Identification and Management of Brown, Black, and Meadow Knapweed

By CELESTINE DUNCAN, TechLine Editor

Twenty two different knapweed species (Centaurea sp) are well established in North America. Most are introduced opportunists that have aggressively invaded natural areas, pastures, open woodlands, rights-of-way, and disturbed areas. Brown (C. jacea), black (C. nigra) and meadow knapweed (C. ×moncktonii) are long-lived perennial plants that are problematic in the United States and southern Canada. The three knapweeds are similar in appearance (Figure 1) and reproduce primarily by seed; however, root crowns can regrow when fragmented by cultivation or other disturbance. Meadow knapweed is a fertile cross between brown and black knapweed.

Figure 1: Distribution and identification characteristics of brown, black, and meadow knapweed. The key to separating these species are the involucre bracts.1 States shaded green in distribution maps indicate presence of knapweed. (Bract images from Pacific Northwest Extension Publication PNW432). Click here to compare spotted knapweed with brown, black, and meadow knapweed.

Brown Knapweed
(C. jacea)
Photo Cindy Roche, Bugwood.org
Brown Knapweed
  • Native to Eurasia
  • Perennial; woody root crown
  • 20 to 48 inches tall
  • Leaves: basal leaves lance-shaped up to 6 in. long, becoming smaller up the stem
  • Flower: rose to purple, rarely white
  • Bracts: somewhat hairy, broad, thin papery margins; center of bract is dark brown (see inset image)

Brown Knapweed Distribution
Black Knapweed
(C. nigra)
Photo by Joe DiTomaso, Univ of Cal.–Davis, Bugwood.org
Black Knapweed
  • Native to western Europe
  • Perennial; woody root crown
  • 8 to 32 inches tall
  • Leaves: basal leaves broadly lance-shaped, becoming smaller up the stem
  • Flower: rose to lavender
  • Bracts: oval-shaped with broad, comb-like, dark brown or black fringed margins; fringe length up to 3X as long as bract width (see inset image

Black Knapweed Distribution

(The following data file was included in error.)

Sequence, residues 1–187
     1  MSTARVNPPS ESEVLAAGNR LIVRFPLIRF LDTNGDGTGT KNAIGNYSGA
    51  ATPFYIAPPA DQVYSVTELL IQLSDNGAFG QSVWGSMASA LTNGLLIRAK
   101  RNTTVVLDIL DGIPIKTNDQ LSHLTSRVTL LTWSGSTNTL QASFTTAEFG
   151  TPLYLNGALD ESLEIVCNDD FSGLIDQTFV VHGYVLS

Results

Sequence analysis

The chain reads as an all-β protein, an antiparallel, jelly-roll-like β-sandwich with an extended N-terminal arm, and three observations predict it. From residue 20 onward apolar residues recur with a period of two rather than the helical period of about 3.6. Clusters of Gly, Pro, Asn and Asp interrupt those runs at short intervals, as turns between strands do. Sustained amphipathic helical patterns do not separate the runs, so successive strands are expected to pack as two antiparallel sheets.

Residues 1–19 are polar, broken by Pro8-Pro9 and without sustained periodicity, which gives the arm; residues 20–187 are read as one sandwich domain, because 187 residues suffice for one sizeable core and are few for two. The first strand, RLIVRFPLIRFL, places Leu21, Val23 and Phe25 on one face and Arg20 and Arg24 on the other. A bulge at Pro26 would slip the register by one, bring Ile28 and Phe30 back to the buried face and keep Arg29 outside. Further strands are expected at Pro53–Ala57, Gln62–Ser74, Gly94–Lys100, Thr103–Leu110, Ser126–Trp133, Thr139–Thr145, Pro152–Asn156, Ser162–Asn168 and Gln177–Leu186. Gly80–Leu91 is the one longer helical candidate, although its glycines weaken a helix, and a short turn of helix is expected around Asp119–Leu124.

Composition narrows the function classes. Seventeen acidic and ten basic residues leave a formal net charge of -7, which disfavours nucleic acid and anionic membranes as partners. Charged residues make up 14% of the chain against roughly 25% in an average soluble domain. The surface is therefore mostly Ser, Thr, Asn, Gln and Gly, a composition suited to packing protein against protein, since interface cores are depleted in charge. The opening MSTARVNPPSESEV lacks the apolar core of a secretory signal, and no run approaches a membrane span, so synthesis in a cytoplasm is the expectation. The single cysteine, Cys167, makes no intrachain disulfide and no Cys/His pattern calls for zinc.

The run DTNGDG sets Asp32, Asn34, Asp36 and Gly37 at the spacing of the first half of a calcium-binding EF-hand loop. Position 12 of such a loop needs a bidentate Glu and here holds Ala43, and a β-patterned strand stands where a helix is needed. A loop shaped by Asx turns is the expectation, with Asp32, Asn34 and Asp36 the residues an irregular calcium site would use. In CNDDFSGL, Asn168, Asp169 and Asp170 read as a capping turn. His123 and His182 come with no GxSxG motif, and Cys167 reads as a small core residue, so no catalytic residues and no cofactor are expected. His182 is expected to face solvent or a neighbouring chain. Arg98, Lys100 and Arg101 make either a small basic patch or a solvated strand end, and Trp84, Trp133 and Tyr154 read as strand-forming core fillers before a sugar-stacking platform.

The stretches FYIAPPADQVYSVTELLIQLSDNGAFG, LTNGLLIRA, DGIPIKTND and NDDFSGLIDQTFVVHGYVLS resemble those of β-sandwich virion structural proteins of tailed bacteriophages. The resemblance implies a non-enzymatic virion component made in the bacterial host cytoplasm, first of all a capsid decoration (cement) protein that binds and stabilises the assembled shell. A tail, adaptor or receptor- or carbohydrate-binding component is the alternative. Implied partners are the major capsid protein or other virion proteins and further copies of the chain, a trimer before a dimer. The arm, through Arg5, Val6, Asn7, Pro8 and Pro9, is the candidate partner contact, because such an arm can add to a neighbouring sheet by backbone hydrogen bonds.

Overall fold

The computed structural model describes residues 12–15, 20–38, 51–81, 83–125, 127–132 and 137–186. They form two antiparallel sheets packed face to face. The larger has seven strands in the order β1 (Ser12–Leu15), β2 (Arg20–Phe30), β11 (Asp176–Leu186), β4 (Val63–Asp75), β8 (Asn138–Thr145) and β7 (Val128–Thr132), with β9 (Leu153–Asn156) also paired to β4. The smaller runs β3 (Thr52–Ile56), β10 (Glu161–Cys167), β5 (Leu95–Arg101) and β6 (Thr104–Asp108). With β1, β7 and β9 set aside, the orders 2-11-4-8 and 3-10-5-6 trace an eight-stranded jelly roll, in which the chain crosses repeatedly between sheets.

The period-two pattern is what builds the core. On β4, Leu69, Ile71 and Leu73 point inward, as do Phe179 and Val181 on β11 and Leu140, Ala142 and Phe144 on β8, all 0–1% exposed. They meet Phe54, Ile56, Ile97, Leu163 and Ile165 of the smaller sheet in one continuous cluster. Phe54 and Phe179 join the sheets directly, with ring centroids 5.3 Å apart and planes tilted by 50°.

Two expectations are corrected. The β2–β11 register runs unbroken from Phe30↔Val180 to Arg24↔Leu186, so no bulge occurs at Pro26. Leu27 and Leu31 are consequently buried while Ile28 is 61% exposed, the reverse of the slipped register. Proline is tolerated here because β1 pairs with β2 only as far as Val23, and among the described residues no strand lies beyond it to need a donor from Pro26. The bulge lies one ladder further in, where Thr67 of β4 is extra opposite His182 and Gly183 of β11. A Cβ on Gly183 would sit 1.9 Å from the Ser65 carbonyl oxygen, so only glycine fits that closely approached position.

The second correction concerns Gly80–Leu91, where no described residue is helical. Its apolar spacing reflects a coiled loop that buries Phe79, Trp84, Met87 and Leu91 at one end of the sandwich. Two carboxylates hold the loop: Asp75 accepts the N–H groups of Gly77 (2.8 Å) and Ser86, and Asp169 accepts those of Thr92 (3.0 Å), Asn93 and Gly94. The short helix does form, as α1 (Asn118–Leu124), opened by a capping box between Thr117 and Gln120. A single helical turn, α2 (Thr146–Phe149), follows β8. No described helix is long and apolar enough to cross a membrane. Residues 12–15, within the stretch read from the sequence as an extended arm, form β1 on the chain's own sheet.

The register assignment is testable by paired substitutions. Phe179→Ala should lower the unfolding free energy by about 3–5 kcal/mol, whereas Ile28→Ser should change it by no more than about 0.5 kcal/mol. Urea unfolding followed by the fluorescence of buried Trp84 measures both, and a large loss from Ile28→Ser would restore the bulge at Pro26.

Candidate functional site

Meadow Knapweed
(C. ×moncktonii)
Photo by Eric Coombs, Ore. Dept of Ag., Bugwood.org
Meadow Knapweed
  • Hybrid: brown and black knapweed
  • Perennial; woody root crown
  • 20 to 40 inches tall
  • Leaves: Basal leaves lance-shaped, up to 6 in long; upper leaves smaller and entire 2
  • Flower: rose to purple, rarely white
  • Bracts: light to dark brown, roundish, thin papery margin with fringes about equal width of bract center (see inset image)
Meadow Knapweed Distribution

1. Involucre bracts are small leaf- or scale-like structures surrounding an inflorescence, located just below flower petals.
2. "Entire leaf margins" refers to leaves that are neither toothed, lobed, nor compound, i.e. simple with smooth margins.

These three knapweeds were introduced to North America as contaminants of crop seed, in soil carried as ballast on ships, or as ornamentals. Once established, knapweed can form dense monocultures, out-competing other more desirable plants. This can result in increased soil erosion and reduced forage, wildlife habitat, and species diversity.

Management

  Figure 2:  Percent control of brown knapweed 35 and 71 days after herbicide application (DAA); from field studies conducted in New York state.

Figure 2: Percent control of brown knapweed 35 and 71 days after herbicide application (DAA); from field studies conducted in New York state.

Limited information is available for controlling black knapweed; however, black, brown and meadow knapweed share similar morphological characteristics, and management should be similar between the three species. Early detection and control is the key to managing knapweeds.